In Modern Art: A Very Short Introduction (public library), David Cottington discusses the origins of modern art in the avant-garde, the relationship of modern art to modern media and consumer culture, and the increased prominence of the artist.
|The cover of Modern Art with a studio yellow color swatch|
In his first chapter on the avant-garde, Cottington explains the role of the Museum of Modern Art in establishing and stabilizing the modern art movement:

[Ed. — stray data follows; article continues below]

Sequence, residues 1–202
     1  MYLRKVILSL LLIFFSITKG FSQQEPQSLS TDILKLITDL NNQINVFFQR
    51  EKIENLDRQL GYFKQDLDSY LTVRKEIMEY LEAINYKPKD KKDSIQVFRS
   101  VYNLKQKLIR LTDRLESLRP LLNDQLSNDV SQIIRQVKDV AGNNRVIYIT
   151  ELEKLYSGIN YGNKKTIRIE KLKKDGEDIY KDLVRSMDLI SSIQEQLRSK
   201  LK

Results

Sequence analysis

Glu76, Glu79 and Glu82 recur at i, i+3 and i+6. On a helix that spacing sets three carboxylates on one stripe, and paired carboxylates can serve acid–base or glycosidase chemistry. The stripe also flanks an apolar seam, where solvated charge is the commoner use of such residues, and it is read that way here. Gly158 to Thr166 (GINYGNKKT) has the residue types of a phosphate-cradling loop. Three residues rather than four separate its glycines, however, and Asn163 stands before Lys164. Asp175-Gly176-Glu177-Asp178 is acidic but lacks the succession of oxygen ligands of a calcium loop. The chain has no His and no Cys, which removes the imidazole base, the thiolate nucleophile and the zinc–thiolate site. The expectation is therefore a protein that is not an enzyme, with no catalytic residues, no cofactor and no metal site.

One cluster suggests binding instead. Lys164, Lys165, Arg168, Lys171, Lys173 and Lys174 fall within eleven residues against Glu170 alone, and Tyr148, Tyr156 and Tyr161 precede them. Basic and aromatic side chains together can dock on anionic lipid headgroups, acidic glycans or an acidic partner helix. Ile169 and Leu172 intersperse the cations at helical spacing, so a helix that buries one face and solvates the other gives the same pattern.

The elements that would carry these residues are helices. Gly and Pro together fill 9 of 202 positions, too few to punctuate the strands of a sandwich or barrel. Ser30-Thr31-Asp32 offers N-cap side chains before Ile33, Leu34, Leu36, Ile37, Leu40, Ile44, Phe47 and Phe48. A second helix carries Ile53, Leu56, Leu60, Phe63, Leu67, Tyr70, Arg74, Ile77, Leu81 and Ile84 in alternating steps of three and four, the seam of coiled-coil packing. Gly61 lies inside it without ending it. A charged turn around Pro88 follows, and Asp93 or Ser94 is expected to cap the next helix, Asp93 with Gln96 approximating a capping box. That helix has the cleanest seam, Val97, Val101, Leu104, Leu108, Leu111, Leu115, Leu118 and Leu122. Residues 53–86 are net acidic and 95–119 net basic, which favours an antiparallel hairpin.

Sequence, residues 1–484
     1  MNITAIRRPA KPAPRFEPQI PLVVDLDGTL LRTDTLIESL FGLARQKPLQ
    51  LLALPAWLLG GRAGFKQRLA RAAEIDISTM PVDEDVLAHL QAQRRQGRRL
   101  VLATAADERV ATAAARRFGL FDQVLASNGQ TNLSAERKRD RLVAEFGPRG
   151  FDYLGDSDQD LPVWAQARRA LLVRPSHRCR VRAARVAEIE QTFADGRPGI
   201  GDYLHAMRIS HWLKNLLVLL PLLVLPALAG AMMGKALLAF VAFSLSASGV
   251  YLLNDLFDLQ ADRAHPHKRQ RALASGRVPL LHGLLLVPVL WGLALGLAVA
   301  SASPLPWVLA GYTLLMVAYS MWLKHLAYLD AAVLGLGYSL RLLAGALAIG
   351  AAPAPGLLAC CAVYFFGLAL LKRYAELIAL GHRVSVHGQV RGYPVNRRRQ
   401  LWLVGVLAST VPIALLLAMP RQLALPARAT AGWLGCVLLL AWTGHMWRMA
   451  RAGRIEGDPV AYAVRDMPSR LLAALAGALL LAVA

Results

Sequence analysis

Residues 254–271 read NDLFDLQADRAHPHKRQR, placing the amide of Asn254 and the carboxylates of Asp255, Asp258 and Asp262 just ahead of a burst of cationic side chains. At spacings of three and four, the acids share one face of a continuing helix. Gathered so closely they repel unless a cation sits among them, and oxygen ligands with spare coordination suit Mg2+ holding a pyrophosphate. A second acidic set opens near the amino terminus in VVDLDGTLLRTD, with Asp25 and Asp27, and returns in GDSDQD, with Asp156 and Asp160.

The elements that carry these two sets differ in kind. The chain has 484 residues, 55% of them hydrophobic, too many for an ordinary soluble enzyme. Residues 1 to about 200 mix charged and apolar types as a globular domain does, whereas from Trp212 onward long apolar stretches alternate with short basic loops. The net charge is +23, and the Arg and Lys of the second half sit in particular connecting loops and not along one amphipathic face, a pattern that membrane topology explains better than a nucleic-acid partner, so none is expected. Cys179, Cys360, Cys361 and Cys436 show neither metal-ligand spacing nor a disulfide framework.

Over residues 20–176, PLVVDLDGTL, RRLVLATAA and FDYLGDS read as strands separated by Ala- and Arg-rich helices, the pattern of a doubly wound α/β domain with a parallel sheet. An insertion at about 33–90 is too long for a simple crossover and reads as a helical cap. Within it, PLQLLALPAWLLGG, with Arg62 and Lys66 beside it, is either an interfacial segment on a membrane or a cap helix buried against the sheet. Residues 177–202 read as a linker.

In the meantime, certain collectors were deciding to what seems, in retrospect, to have been the inevitable next step, and to found a museum (as opposed to a gallery) that would display their art - and thus their taste - to the public. The Museum of Modern Art was established, in 1929 in a house in mid-town Manhattan, for this purpose. It was the only public collection anywhere in the world devoted exclusively to modern art. It's trustees appointed as the Museum's first curator a young art historian, Alfred H. Barr, Jr, who brought with him not only a scholarly education but also an eye trained to make clear distinctions of both form and value. The appointment was shrewd, for this combination of qualities enabled Barr to undertake, by means of series of themed exhibitions, the ambitious project of laying down a historical narrative of modernism that placed the Museum's collection at its centre. This both consecrated its artistic values and secured its position as arbiter of what was not just good or bad, but the most important art of the century. Some of Barr's exhibitions were such landmarks that they set the terms by which modern art was understood, and reshaped its chaotic eventfulness as a linear 'development', for the next half-century. The exhibition Cubism and Abstract Art of 1936 has a catalogue which has hardly been out of print since, and whose frontispiece diagram mapping that narrative has been as reproduced as most of its exhibits (30).Incarnate Beauty also features the VSI volumes on beauty, art history, and art theory. The Very Short Introduction series is published by Oxford University Press.